Full-text · Article · Nov 2015 · Spectrochimica Acta Part A Molecular and Biomolecular Spectroscopy
    • "The trends in HM uptake vary greatly among different algae and generally observed in order of (green algae) Chlorophyta > Phaeophyta > (red algae) Rhodophyta (Al-Shwafi and Rushdi, 2008). The nonliving biomass of algae sorb more metals than living algae (Mehta and Gaur, 2005). Pawlik-Skowronska (2001) discovered that Stigeoclonium sp. "
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    ABSTRACT: The green macroalgae present in freshwater ecosystems have attracted a great attention of the world scientists for removal of heavy metals from wastewater. In this mesocosm study, the uptake rates of heavy metals such as cadmium (Cd), nickel (Ni), chromium (Cr) and lead (Pb) by Oedogonium westi (O.westti) were measured. The equilibrium adsorption capabilities of O. westti were different for Cd, Ni, Cr and Pb (0.974, 0.418, 0.620 and 0.261 mgg(-1), respectively) at 18°C and pH 5.0. Furthermore, the removal efficiencies for Cd, Cr, Ni and Pb were observed from 55-95%, 61-93%, 59-89% and 61-96%, respectively. The highest removal efficiency was observed for Cd and Cr from aqueous solution at acidic pH and low initial metal concentrations. However, the removal efficiencies of Ni and Pb were higher at high pH and high concentrations of metals in aqueous solution. The results summarized that O. westti is a suitable candidate for removal of selected toxic heavy metals from the aqueous solutions.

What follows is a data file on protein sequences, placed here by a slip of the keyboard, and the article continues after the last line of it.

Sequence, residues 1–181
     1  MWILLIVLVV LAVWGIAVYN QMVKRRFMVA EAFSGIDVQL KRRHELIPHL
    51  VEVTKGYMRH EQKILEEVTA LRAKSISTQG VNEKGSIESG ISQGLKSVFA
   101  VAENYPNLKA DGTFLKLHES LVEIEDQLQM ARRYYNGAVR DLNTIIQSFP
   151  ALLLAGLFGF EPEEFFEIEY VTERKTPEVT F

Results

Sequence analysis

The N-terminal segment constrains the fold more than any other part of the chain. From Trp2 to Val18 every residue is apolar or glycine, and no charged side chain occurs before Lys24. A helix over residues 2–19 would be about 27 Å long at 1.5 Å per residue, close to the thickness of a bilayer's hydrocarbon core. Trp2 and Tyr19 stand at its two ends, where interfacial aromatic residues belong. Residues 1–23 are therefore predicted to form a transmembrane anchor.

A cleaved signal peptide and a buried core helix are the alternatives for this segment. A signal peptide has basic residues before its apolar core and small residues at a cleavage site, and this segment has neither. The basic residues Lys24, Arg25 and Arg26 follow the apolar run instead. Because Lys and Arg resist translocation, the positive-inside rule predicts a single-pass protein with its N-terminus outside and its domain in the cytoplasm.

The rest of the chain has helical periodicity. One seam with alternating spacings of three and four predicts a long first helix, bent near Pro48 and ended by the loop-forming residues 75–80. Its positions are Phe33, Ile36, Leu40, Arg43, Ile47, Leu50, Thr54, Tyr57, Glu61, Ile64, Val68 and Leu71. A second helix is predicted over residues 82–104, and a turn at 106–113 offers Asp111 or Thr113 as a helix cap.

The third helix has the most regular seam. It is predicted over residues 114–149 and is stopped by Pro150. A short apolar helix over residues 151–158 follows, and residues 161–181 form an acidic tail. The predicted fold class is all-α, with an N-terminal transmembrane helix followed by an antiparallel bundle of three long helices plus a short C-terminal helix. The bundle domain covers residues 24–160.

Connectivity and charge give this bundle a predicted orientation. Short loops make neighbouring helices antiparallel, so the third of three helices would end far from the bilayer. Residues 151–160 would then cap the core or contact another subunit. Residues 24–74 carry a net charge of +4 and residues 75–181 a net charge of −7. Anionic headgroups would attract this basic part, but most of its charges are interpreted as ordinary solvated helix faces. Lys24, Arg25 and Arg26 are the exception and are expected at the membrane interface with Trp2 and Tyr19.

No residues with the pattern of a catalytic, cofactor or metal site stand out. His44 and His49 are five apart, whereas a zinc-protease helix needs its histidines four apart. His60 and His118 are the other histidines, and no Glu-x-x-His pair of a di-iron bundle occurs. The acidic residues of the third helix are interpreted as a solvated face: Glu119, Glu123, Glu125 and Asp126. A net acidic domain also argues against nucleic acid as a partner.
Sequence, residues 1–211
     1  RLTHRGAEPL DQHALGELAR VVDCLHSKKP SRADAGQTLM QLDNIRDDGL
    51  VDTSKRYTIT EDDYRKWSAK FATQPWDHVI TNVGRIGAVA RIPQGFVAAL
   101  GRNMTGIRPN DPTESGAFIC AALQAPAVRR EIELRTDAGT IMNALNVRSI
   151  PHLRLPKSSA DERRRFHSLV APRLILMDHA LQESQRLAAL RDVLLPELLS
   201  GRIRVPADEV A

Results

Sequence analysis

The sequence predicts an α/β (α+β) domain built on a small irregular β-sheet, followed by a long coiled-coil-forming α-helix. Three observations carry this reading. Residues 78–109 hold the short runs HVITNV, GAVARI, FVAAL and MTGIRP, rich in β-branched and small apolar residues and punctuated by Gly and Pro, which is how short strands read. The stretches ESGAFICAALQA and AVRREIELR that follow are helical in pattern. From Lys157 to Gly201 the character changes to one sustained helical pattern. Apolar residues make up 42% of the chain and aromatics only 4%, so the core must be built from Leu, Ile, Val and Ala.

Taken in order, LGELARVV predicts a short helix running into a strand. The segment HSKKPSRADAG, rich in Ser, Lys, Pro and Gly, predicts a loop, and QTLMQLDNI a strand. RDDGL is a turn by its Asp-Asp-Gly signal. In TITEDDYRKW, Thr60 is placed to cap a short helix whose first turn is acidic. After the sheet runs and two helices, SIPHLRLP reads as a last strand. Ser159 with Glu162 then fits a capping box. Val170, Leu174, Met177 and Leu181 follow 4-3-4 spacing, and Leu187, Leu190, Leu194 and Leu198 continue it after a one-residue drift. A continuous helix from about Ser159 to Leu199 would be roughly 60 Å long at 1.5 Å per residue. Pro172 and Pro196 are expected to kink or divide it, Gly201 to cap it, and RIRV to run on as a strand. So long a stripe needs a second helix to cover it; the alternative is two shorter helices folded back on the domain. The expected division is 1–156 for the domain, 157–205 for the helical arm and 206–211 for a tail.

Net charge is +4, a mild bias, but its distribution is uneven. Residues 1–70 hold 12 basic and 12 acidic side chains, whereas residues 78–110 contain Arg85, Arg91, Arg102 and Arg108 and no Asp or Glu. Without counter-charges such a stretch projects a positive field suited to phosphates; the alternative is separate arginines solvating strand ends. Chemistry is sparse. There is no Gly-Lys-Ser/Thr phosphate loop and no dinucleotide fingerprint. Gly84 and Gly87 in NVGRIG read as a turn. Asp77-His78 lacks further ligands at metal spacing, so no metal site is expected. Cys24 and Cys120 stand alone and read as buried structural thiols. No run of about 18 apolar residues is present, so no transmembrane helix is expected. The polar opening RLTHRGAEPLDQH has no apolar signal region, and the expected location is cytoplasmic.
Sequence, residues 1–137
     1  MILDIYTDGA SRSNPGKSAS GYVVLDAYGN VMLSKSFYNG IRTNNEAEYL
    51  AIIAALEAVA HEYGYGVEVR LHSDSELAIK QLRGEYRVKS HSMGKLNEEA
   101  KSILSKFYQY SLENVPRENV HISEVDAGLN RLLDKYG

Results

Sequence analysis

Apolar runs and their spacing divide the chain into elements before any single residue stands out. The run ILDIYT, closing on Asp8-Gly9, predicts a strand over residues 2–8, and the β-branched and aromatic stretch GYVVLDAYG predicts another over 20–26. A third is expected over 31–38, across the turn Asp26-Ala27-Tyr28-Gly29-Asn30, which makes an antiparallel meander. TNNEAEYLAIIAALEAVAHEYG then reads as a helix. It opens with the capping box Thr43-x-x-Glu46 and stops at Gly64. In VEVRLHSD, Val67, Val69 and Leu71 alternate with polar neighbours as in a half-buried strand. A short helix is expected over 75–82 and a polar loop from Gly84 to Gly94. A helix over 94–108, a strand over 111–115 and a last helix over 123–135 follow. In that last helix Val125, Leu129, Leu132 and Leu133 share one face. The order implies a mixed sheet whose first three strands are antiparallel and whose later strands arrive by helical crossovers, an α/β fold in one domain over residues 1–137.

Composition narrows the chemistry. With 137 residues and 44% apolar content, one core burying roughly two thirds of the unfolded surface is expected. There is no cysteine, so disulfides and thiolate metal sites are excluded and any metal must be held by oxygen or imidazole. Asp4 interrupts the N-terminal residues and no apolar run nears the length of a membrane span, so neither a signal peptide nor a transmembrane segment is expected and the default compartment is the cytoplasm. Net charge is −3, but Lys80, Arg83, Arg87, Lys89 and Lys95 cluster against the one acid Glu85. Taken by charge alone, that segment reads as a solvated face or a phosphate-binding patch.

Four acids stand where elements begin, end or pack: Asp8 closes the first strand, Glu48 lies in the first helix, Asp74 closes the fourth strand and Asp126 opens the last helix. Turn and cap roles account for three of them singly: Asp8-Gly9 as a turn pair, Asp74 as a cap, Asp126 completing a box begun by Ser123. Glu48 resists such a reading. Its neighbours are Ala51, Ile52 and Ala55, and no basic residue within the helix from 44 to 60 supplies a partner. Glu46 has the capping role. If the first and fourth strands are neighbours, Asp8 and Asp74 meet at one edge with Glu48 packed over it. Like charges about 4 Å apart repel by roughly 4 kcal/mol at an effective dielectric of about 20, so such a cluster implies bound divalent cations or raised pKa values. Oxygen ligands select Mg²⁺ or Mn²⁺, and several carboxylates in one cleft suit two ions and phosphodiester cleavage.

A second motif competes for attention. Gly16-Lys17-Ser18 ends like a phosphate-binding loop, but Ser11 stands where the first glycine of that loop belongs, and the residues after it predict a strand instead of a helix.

No preview · Article · Oct 2015 · International Journal of Phytoremediation
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    • "The algae can be used to remediate the ADW in bioremediation ponds by sequestering TEs dissolved in the water via a two-phase process [7]. The first phase involves passive adsorption of the TE onto cell surfaces and the second phase involves transport of the TE across the cell wall and into the cytoplasm , where it can be stored in a non-toxic form [8]. The produced algae is harvested, dried and then used as a feedstock for thermal conversion (i.e. "
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    ABSTRACT: The work presented here assesses the potential for the mobilisation of 11 trace elements (As, Be, Co, Cu, Mn, Ni, Pb, Sb, Se, V, Zn) during the thermal conversion of micro- and macroalgae that were cultivated in ash dam water. The volatility of the trace elements was quantified by mass balances based on elemental analyses of char and ash residues. The residues were prepared in a laboratory-scale fixed-bed reactor at a range of different temperatures (500 - 1100 C) and gas atmospheres (N 2 , 2% O 2 and CO 2) to simulate pyrolysis, combustion and gasification processes. The results showed high volatilities for Se (~79 - 97%) and As (~51 - 79%) below 500 C. Zn, Pb and Sb were mainly volatilised above 700 C. The different gas atmospheres had little influence on the volatility of these elements, which increased sharply to more than 90% with increasing temperature from 700 to 1100 C. Volatilities for V, Mn, Cu, Co, Ni and Be were relatively minor over the full range of investigated operating conditions. Samples of each alga and their thermal conversion residues were subject to batch leaching in water. All of the tested trace elements, except for Pb and Be, were partially leached from the algae. Vanadium was up to 4 - 5 times more leachable in the combustion residues than in the algae. The other trace elements were generally less leachable following thermal conversion. The trace elements were more stable in residues prepared under pyrolysis and gasification conditions than in residues prepared under combustion conditions at the same temperature.
    Full-text · Article · Sep 2015 · Biomass and Bioenergy